Checking In

November 18, 2011

Although I haven’t been writing much lately, I have been thinking a lot about the No Stuff Experiment. This year has been full of what-does-it-all-mean moments. What am I actually getting out of this shopping fast? Am I happier or more productive or more conscientious? (Is being happier, productive, and conscientious inherently good?) Has this endeavor been worth it?

As you might gather from the nature of these questions, my motivation has been waning of late. I’m still anxious to simplify, to limit the number of advertisements I see and the amount of crap I bring into my home or office, but my “I can’t; I’m not buying anything” excuse is starting to feel less enthusiastic and more like a burden.

In the last six weeks or so, I’ve ripped a couple pairs of hose and broken the handle off my flat iron. The flat iron still works because none of the internal wires/cords were severed (in fact, these cords are what’s keeping the handle attached to the iron), and so I’ve continued use it, though this requires a little finesse. But if I were buying things, I would replace both the hose and the flat iron—and I probably will replace them next year—which, when I think about it long enough, inevitably leads me to the question, If I’m just going to replace them anyway, why not do it today? Hence my dwindling enthusiasm.

But yesterday afternoon I came across a Matt Taibbi editorial about Occupy Wall Street in the November 24 issue of Rolling Stone that, despite its clichéd title (but who am I to judge?), reminded me why I wanted to do this thing to begin with. Here’s the relevant text:

Occupy Wall Street was always about something much bigger than a movement against big banks and modern finance. It’s about providing a forum for people to show how tired they are not just of Wall Street, but everything. This is a visceral, impassioned, deep-seated rejection of the entire direction of our society, a refusal to take even one more step forward into the shallow commercial abyss of phoniness, short-term calculation, withered idealism and intellectual bankruptcy that American mass society has become. . . .

There was a lot of snickering in media circles, even by me, when I heard the protesters talking about how Liberty Square was offering a model for a new society, with free food and health care and so on. Obviously, a bunch of kids taking donations and giving away free food is not a long-term model for a new economic system.

But now, I get it. People want to go someplace for at least five minutes where no one is trying to bleed you or sell you something. It may not be a real model for anything, but it’s at least a place where people are free to dream of some other way for human beings to get along, beyond auctioned ‘democracy,’ tyrannical commerce and the bottom line.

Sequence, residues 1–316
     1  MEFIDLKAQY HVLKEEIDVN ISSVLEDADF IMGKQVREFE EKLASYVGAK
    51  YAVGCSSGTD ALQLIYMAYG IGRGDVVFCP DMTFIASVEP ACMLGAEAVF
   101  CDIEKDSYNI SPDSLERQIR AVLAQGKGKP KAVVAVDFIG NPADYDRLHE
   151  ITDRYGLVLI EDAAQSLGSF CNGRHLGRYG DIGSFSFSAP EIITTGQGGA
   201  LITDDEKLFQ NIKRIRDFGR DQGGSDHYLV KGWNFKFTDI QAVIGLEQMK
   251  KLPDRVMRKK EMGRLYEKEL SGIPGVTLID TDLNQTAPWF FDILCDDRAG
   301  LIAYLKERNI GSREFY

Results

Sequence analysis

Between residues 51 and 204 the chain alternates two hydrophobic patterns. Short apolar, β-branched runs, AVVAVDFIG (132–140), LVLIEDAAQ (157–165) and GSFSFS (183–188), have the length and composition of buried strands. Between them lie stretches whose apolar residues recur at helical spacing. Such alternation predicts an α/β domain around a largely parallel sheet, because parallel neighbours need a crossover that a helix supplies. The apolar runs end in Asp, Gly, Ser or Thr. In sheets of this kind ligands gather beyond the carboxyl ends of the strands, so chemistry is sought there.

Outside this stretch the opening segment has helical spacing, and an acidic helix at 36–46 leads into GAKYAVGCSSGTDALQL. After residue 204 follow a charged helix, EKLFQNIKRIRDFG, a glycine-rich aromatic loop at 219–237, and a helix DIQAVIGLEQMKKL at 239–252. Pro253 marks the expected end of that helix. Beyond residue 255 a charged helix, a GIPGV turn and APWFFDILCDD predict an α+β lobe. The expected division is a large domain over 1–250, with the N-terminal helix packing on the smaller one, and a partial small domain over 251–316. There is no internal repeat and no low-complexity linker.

OK, clearly this is not an apples-to-apples comparison. Although shopping fasts seem to be more and more popular these days, the No Stuff Experiment is currently a one-woman operation with limited press coverage and influence—even among my own family and friends. Plus, I don’t necessarily agree with everything Mr. Taibbi (who seems very angry in general) has written in his piece.

Still, just as OWS is about more than big banks and modern finance, this shopping fast is about more than limiting consumption. I jumped at the chance to join Melissa in not buying new stuff because I was anxious to step out of my comfort zone, which, to paraphrase Jane Adler in It’s Complicated, wasn’t actually all that comforting. I wanted, for six months (and now one year), to make for myself a place where I was “free to dream of some other way for human beings to get along.” I wanted to do something different, make some sacrifices, find inspiration, and improve my life in some meaningful way.

Even though the No Stuff Experiment isn’t a sustainable lifestyle for me (nor is it as easy as I expected it to be), I have satisfied most of these initial wants. This exercise has forever changed the way I interact with money, the marketplace, aluminum foil, and even the people around me for the better. Over the last ten months, I’ve significantly reduced not just my level of consumption but, more importantly, my desire to consume. Note I wrote “reduced” and not “eliminated.” I still want things, stuff, crap, but at the same time, I’m cognizant of and grateful for the plenitude already around me. My monthly expenses are down, my deposits in savings are up, I’ve paid off all debt and stayed debt-free, and I’ve convinced Channing that rushing into a thirty-year mortgage is not worth it (he actually came to this conclusion on his own, but I think it was my influence).

So, since it’s that time of year, I think I’ll take a weeklong vacation from beating myself up about the Experiment’s relevancy and meaning. Instead, I’ll focus on my rekindled appreciation for the people, experiences, and comforts of my life.

Happy Thanksgiving!

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